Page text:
The Stubborn Parable
I just finished grading my students’ final portfolios. This next-to-last grade is based on a research paper – often the first they’ve ever done – and really separates the wheat from the chaff. In developmental, you often see a reverse bell curve, where students who follow your directions generally do well, getting mostly B’s (with a few A’s), and those that do not follow your directions do poorly, with D’s and F’s (which have no functional difference in my developmental program).
These portfolios were no exception. I had a handful who did every tiny piece of documentation perfectly and really worked to incorporate the sources into their paper intelligently, and I had some who didn’t even bother with a Works Cited page. It is what it is, I suppose, but it certainly starts to be wearying after seeing the same thing every semester, regardless of what new strategies I try or programs I pilot. Some will do the work you ask of them, and some won’t, no matter what.
That whining aside, it’s interesting how similar this situation feels at times to The Stanley Parable, a game I’ve been playing the last few days. If you haven’t heard of it, you should check it out. While I think it’s overpriced (even to some extent when I got it on sale for half price), it’s well worth a modest investment (I paid 10 bucks and feel all right about it). The game is truly brain-tickling. It’s a narrator-driven game, like Bastion, but it’s real “mechanic” is an almost metaphysical or existential experiment in what it means to play a game.
There were many, many times when I just had to sit and absorb the craziness I’d just heard, and I daresay the game made me feel a bit crazy at times. It’s incredibly well conceived and executed, and – dare I say something so self-serving – feels like something I’d come up with if I had the patience and knowledge of computers to put something together. It’s satisfyingly batty.
My wife DM’d a D&D campaign for a while until it fell apart (as they always seem to), and at one point we were sneaking into an “abandoned” mansion and encountered a floating mouth. This mansion adventure went on for three or so sessions, and the entire time this floating mouth just followed us along, not saying anything, not responding to us, not engaging us in any way except to float along and follow us. It is singularly one of the most crazy elements to any D&D game I’ve ever played, and it has been an entertaining story for years; my buddy and I still joke about it. More than jokes, though, when I described The Stanley Parable to my buddy, I said to him, “It’s like a whole game of floating mouths,” and he knew exactly what I meant. (It turned out that once we reached the ballroom at the end of the adventure, the mouth announced us and vanished, so it did make sense in the end, but up until that point it was just a beautifully odd addition to the environment.)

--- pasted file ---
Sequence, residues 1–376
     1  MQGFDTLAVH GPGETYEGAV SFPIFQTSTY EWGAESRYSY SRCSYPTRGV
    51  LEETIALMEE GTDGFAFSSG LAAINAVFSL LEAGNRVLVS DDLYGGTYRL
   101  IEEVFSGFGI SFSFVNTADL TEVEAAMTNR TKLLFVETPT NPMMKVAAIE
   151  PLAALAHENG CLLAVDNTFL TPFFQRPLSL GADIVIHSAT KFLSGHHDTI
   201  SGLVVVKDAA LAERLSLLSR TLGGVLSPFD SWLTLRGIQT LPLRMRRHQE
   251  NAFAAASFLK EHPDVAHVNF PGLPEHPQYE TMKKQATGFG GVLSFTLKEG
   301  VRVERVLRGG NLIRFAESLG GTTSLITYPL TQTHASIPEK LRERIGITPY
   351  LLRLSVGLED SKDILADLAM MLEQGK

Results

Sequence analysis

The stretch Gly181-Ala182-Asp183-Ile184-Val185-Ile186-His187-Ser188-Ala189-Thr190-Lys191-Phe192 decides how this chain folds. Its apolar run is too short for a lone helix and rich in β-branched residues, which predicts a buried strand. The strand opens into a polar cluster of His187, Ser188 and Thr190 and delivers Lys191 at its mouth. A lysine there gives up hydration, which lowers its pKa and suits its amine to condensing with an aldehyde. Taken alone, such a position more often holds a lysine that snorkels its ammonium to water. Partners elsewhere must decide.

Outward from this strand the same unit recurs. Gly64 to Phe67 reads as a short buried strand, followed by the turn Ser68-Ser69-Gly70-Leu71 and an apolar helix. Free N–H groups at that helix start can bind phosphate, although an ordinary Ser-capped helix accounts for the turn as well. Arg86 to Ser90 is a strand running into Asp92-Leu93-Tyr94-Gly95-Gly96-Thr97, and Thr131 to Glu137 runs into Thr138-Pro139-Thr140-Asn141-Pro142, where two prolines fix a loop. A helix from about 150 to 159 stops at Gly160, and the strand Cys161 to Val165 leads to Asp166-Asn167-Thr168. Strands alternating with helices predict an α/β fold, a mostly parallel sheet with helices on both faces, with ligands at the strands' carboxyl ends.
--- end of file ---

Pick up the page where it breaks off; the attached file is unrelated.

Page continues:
Another great thing about The Stanley Parable is watching others play it. I played through four or five different scenarios and then plopped my wife down to try it. She followed exactly the same path I had on the first run up until a really key moment and then did something so unexpected I hadn’t even considered it. As a result, she produced a wholly new outcome that I may never have even dreamed of. That’s the beauty of the game; it’s unexpected opportunities.
I haven’t broken down just yet and looked up an “all possible outcomes” spreadsheet, but I’m pretty sure someone has put one together. I’ve found – let me see – 8 possible endings. I’ll list them in a P.S. since they’re spoilers, but anyone who’s played and wants to see how I’m doing and potentially provide feedback, feel free. For those of you who haven’t, I do recommend you play it, but I’d wait until it’s at least 50% and probably more like 66% off. I’ve logged about 5 hours and paid about 10 bucks, and I don’t know how much more I’ll play, but I daresay those 5 hours may really be worth double the standard 1 for 1 “Ed Value.” I certainly don’t come anywhere near regret when I reflect on the purchase; I’m just cheap.
Now, time to grade my students’ final exams, half of which will be good, half of which won’t. Then we’ll “Begin the Game Again” next semester and see what new paths I can explore. Maybe I’ll find something truly unexpected, like my wife did. Most likely, though, I won’t.
Stubborn (and grading)
P.S. SPOILER ALERT
2. get blown up
3. Go down stairs
4. Answer the phone (that was my first ending)
5. Unplug the phone (that was my wife’s first ending)
6. Jump from the lift
7. Take the maintenance elevator
8. Take the “escape” route to the museum
Did I miss any? I assume I did, especially since my wife blew my mind, and thus I can’t really predict what else might blow my mind. I know the computers can be turned on and off, so there might be something there, and I know there’s a crap-ton of buttons in the explosion part, so maybe there’s something there, but I sort of expect not, as it would defeat the whole point of the narrator’s monologue during that event. Thoughts?